Women with mutated genes for hereditary non-polyposis colon cancer (Lynch Syndrome) are at increased risk for both endometrial and ovarian cancer, as well as colon cancer.  A hysterectomy to remove uterus and ovaries is sometimes recommended to reduce the risk.

Researchers at the University of California at San Francisco and Stanford University considered the benefits of three different strategies to prevent endometrial and ovarian cancer in women with Lynch Syndrome.

  • Annual gynecologic exams
  • Annual screening with gynecological exams, transvaginal ultrasound, endometrial biopsy, and measurement of CA 125 in the blood beginning at age 30
  • Prophylactic surgery to remove ovaries, fallopian tubes, and uterus (Hysterectomy with Bilateral Salpingo-oophorectomy)

Using Surveillance, Epidemiology and End Results (SEER) data from 1988 to 2001, they found that surgery was most effective in preventing both ovarian and endometrial cancer, following by screening,

  • Ovarian cancer would be diagnosed in .0056 percent of women who had surgery, endometrial cancer in .0060 percent.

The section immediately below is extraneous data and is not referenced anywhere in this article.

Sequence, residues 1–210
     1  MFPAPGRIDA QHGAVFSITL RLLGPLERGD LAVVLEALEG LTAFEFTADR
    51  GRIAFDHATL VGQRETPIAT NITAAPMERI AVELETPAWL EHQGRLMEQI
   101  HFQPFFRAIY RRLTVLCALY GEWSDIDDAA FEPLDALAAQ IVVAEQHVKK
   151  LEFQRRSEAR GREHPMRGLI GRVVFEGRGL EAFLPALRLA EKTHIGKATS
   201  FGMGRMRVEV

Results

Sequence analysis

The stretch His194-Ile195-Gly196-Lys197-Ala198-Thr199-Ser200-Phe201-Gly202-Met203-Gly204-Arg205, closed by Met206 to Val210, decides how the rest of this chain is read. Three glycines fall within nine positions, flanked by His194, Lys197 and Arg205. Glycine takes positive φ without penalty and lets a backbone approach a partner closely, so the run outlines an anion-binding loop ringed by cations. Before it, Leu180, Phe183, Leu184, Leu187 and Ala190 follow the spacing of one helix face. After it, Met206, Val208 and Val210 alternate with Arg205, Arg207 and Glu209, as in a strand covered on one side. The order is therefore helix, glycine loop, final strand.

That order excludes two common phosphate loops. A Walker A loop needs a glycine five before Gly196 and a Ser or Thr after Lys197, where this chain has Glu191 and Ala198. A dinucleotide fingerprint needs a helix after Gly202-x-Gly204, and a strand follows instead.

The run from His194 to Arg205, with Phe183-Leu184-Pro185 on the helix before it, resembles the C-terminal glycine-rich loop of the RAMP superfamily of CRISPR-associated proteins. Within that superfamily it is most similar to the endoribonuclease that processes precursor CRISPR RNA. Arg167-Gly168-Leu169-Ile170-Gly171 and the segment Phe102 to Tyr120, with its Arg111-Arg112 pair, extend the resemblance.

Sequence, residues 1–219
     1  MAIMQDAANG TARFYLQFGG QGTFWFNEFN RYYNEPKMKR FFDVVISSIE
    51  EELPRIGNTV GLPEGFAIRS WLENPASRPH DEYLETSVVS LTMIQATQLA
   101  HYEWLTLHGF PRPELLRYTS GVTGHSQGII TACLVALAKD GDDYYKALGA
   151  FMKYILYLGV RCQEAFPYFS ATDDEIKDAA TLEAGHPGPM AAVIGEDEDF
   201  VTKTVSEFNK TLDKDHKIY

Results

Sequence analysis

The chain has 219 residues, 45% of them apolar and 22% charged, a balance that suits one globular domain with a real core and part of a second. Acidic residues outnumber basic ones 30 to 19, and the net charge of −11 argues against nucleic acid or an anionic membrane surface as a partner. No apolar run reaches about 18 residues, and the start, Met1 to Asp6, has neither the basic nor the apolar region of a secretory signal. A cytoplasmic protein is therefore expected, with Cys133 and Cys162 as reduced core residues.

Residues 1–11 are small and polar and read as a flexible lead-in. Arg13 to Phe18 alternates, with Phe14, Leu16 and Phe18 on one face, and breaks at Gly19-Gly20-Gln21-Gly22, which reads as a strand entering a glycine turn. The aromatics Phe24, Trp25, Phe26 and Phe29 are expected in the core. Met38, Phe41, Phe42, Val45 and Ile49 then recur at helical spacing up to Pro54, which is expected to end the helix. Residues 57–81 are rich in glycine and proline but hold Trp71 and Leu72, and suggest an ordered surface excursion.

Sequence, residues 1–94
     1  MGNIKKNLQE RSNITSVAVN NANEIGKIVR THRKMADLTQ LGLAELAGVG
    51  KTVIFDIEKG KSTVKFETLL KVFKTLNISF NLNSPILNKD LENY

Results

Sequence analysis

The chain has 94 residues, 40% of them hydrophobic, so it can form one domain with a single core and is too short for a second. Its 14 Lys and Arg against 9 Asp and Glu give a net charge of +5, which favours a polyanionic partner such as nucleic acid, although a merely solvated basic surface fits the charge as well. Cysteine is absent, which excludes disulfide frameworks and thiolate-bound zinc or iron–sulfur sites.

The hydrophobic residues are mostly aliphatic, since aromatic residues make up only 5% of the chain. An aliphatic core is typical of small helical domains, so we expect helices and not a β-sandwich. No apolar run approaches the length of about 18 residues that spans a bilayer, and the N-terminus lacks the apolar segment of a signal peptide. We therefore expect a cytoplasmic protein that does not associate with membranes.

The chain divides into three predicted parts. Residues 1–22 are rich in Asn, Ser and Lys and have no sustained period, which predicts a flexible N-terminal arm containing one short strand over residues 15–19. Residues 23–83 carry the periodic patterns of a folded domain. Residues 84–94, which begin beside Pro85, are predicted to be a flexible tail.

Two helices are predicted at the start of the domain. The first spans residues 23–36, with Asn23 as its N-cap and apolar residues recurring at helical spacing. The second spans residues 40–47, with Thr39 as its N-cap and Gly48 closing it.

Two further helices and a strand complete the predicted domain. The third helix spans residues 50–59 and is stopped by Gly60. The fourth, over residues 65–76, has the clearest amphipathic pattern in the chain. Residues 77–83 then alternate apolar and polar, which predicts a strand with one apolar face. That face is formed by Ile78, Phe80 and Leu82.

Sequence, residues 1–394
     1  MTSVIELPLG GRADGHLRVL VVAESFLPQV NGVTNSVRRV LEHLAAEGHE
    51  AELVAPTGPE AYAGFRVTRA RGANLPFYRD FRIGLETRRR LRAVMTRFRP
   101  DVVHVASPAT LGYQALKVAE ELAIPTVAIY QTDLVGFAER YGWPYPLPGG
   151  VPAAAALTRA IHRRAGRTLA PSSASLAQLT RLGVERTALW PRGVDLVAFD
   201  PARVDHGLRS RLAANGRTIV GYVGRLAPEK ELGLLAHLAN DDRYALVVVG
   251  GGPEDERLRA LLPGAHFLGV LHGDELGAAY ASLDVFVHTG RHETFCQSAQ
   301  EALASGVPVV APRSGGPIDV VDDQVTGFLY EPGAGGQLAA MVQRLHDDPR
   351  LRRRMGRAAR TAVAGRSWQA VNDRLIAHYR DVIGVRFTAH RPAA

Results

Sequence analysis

• 3.7 percent of those who had annual screenings would get ovarian cancer during their lives, 18.4 percent would get endometrial cancer.
  • With annual gyn exams 8.3 percent would get ovarian cancer and 48.7 percent would be diagnosed with endometrial cancer during their lifetimes.

Writing for the research team, Lee-may Chen, MD, pointed out,

When comparing prophylactic surgery with the screening option, one would need to perform 75 surgeries to save one woman's entire life. For cancer prevention, however, only 28 and 6 prophylactic surgeries would need to be performed to prevent one case of ovarian and endometrial cancer, respectively.

She concluded,

Risk-reducing hysterectomy and bilateral salpingo-oophorectomy may be considered in women with Lynch/HNPCC to prevent gynecologic cancers and their associated morbidities.

SOURCE:  Chen et. al. Obstetrics and Gynecology, Volume 110, Issue 1, July 1, 2007.


Women who carry a gene for Lynch Syndrome hereditary non-polyposis colon cancer may want to consider surgery to reduce their risk of ovarian or endometrial cancer.  An alternative to surgery is annual screening with with transvaginal ultrasound, uterine biopsy, and measurement of CA-125.   

Although removal of the ovaries and fallopian tubes greatly reduces risk of ovarian cancer, it does not prevent it entirely.  Ovarian cancer can develop within the peritoneal cavity even when there are no ovaries.

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